Wednesday, November 5, 2014
Cultured People in the Hills
In 1895, Dan French, by now a central figure in the American Renaissance and the married father of a 6-year old daughter, bought a summer place with a knockout view outside the Berkshire Mountains village of Stockbridge, Mass. His artistic opus at age 45 included sculptures on United States customs buildings and post offices, memorials from Harvard to San Francisco and, most recently, the colossal "Statue of the Republic" which had presided grandly over the 1893 World's Columbian Exposition in Chicago. The family moved into an old farmhouse on the property, while French, reacting to a flood of commissions in the wake of the Exposition, built a separate studio, completed in 1898.
French spent half the year in a Greenwich Village rowhouse at 125 West 11th St., and the other half at Chesterwood, the name he gave his country place. The Frenches entertained a steady stream of visitors, for which the old farmhouse soon proved inadequate. Once the studio was finished, a new house was planned.
The new house was designed by Henry Bacon (1866-1924) and completed in 1901. Bacon, not coincidentally, was also the architect of the Lincoln Memorial in Washington D.C., site of French's seated statue of Abraham Lincoln. The Memorial wasn't completed until 1922, but Bacon was working on the project as early as 1897. Bacon recommended French to do the Lincoln statue; the statue cemented French's reputation to posterity; it was only logical that Bacon design French's new house and studio at Chesterwood.
Bacon worked as a draftsman for McKim Mead and White before going out on his own. He's mostly remembered for Beaux Arts-type public buildings - a library in Paterson, NJ, a train station in Naugatuck, CT, the Union Square Savings Bank in New York (site of today's 'Fuerza Bruta!'), a hospital in Waterbury, CT, etc., etc. During a brief partnership with James Brite, Bacon contributed to a few residential commissions. After Brite and Bacon dissolved in 1902, Brite went on to design mega-mansions like Herbert Pratt's Braes on Long Island, while Bacon stuck to monuments and trains stations. And Chesterwood, which technically had been done before the breakup.
Is it a great house? That would be a no. It is welcoming and comfortable, however, and I could easily see myself growing to love it. The architect's exteriors are comely, if not particularly original, and his floor plan is competent, if ordinary. The design for the studio has brio; the design for the house does not. I remind myself that Chesterwood was intended as an informal summer retreat, an unpretentious home for artistic people with frequent visitors.
The plaque says: "This house was built in 1900 by Daniel Chester French and Mary his wife; Henry Bacon Architect; William Lawless Builder." Let's have a look at the plans, and then step inside.
Chesterwood is a by-the-book Colonial Revival house whose center hall plan has been around for centuries. While hardly showy, it has a sort of low key Edwardian expansiveness to it, one which was in the air back then. Of note in the main hall are a screen of stylish columns setting off an otherwise simple stairway, and a boffo view of Monument Mountain from the door at the hall's south end.
The view below looks the other way down the main hall, north to the front door. The drawing room, or parlor on the plan, is through the door on the left. Supposedly a replica of Dan French's grandparents' parlor, it opens to "Piazza A" the plan. Chesterwood is full of family heirlooms and works of art by friends, wherein lies much of its charm.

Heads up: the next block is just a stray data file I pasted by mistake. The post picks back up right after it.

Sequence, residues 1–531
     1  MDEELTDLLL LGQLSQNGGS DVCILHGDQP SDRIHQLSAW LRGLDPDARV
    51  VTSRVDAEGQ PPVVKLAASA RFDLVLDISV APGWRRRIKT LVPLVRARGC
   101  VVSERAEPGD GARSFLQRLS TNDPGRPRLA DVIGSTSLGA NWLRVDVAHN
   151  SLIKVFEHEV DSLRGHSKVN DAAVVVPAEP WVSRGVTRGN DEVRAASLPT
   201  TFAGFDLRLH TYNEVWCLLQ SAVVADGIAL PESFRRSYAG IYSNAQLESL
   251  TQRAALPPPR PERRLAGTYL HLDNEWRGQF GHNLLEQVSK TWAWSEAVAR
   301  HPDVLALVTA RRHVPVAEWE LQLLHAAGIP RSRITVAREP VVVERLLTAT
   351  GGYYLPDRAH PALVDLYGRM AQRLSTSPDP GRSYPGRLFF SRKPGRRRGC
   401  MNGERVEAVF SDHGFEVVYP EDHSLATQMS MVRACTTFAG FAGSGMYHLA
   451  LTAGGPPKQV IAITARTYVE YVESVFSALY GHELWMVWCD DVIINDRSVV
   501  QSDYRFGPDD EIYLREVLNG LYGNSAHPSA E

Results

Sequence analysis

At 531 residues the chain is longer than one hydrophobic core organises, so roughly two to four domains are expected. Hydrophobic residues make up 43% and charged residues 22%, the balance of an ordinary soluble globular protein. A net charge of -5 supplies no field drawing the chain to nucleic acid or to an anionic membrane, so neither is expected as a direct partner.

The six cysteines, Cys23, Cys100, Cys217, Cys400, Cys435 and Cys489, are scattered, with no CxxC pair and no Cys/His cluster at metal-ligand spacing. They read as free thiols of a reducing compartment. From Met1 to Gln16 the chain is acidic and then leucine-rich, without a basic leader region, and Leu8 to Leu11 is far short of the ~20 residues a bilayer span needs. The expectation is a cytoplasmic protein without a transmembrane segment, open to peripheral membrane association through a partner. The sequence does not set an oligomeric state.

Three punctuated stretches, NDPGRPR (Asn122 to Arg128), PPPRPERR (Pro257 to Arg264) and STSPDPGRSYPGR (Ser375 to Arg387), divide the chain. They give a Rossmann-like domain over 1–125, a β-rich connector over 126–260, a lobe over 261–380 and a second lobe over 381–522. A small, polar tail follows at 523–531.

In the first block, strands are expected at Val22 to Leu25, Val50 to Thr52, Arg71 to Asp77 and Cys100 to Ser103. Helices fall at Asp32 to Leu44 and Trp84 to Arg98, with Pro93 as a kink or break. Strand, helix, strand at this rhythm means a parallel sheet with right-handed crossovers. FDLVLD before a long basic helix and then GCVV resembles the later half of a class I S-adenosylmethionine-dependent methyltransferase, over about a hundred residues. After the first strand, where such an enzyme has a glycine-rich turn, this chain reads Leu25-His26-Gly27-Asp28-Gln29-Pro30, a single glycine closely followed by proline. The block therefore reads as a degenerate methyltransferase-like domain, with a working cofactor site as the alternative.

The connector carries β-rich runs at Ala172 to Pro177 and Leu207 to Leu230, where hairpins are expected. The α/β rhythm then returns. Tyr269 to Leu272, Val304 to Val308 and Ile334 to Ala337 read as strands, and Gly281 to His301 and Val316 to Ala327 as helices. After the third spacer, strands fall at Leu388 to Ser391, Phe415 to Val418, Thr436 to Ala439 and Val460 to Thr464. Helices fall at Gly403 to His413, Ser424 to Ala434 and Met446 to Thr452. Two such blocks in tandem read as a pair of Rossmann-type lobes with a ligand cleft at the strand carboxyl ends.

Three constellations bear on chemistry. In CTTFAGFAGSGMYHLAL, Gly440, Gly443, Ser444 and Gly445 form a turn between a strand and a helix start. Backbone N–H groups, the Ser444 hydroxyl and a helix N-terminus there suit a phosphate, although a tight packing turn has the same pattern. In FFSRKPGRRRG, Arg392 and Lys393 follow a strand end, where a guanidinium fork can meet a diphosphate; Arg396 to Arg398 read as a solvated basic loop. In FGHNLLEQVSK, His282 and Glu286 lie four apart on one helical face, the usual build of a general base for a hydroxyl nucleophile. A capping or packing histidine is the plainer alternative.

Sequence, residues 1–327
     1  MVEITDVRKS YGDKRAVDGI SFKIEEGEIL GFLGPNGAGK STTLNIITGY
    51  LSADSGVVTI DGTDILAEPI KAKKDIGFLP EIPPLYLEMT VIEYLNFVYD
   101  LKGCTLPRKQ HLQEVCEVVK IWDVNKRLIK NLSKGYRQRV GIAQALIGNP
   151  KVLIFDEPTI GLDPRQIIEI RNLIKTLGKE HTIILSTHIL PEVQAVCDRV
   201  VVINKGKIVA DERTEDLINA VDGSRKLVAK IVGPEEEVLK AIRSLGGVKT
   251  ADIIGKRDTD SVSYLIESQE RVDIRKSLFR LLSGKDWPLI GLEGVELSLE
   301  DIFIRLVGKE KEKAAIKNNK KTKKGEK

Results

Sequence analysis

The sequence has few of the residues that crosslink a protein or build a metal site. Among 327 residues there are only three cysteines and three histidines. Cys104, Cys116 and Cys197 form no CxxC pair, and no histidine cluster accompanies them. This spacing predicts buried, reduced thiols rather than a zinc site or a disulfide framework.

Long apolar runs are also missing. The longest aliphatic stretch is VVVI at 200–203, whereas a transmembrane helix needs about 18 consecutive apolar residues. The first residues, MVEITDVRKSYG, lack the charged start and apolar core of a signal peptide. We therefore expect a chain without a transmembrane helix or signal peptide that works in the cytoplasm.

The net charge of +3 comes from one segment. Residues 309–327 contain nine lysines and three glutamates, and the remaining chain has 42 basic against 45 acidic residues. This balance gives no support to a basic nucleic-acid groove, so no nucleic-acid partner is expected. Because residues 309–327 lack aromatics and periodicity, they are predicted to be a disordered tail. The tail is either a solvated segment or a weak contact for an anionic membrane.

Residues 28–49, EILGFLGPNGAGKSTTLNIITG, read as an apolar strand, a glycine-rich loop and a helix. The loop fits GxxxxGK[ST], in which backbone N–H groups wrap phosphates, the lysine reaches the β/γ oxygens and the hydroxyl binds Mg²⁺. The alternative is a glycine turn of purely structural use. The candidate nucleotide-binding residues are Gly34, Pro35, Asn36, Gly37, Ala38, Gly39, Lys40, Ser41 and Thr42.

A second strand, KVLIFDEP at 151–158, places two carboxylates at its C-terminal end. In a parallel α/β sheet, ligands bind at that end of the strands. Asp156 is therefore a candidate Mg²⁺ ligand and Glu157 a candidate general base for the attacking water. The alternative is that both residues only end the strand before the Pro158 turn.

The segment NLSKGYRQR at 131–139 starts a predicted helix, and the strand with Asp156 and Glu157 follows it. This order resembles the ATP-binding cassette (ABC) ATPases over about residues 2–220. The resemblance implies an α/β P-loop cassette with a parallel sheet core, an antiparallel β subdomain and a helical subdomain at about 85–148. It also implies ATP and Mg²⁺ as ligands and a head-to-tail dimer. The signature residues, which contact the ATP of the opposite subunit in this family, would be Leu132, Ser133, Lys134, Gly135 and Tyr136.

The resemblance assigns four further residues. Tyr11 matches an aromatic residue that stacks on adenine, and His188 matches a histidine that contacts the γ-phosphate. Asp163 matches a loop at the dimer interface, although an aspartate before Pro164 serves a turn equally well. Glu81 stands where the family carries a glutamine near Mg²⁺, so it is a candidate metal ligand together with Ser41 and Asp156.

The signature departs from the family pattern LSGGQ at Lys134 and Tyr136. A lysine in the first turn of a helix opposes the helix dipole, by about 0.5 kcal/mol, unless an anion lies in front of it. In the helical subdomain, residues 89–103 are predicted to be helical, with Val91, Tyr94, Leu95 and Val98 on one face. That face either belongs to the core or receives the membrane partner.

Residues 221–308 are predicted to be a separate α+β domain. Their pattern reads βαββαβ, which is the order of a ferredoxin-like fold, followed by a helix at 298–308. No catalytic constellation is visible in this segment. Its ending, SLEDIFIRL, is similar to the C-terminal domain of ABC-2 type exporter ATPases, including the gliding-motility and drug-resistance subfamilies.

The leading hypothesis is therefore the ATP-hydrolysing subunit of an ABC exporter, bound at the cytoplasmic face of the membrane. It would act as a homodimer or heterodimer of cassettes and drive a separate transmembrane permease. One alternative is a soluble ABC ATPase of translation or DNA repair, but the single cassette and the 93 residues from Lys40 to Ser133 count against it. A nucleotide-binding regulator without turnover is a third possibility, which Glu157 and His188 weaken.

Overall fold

John Johansen's 1927 painting of Dan and Mary French on a summer evening, reading in their drawing room at Chesterwood, captures the very essence of their life here. Mr. French is wearing a suit and tie, which I doubt was put on for the artist. Although his wife has staked out a curious seating position, the emotional connection between the two of them literally vibrates off the canvas. By 1927 they had been married for 39 years.
French salvaged a set of solid mahogany doors from a demolished (Greek Revival, from the looks of it) townhouse in New York, and his contractor installed them in the country.
On the other side of the main hall is the dining room, which opens onto "Piazza B."
The swing door behind the exotic leather screen leads to a country version of your basic pantry-kitchen-servant hall combo. Simple as they are, these rooms are intact and full of terrific potential. Were it up to me, I'd refurnish them with vintage appliances and open them to the public. Unfortunately, it's not up to me. What you see below is slated for replacement with a modern staff kitchen. Wrong decision, I'd say.
The door to the right of the dumbwaiter leads to a service corridor (labeled 'passage' on the plan), which passes the back stair and a "bicycle room" en route to the main hall. Across from the passage entrance, located under the main stair, is the door to the den. Fireplace, overmantel, doors and box locks were salvaged from the original farmhouse.
Upstairs are 4 family bedrooms (only one of which is a suite), 2 maids' rooms, and an grand total of 3 bathrooms. Clearly, this is a Stockbridge country house and not a Lenox palace.
The best guestroom (No. 3 on the plan) is on the southeast corner of the main block.
Daughter Margaret's childhood room is No. 2.
The owners' suite speaks to Chesterwood's overall architectural modesty. It does have its own bathroom, however, plus a small dressing room/office/boudoir tucked away in the back.
A secondary passage leads east from the second floor landing, passes Bedroom No. 4, makes a dogleg at the top of the back stairs and ends at a pair of maids' rooms. A maids' bath (not on the plan) has been inserted into the hall at the top of the back stairs.
The door in the image below leads to the attic; not on my tour, alas, but the plan is attached.
Let's go downstairs, outside, and have a look at the studio.
First, a few words about the Frenches' daughter Margaret "Peggy" French Cresson (1889-1973). Although a sculptress in her own right, she is primarily remembered as the keeper of her father's flame.
In 1921 Peggy French married a Beaux Arts trained architect turned diplomat named William Penn Cresson (1873-1932). After postings from Peru to St. Petersburg, Cresson took a job teaching international law at Princeton and married Peggy French in Taormina, Italy. She was 32, he was 48. The age difference is often noted, although I've dated people considerably further from me than that. Cresson was teaching at Georgetown and living in Washington D.C. when he died unexpectedly at the age of 59.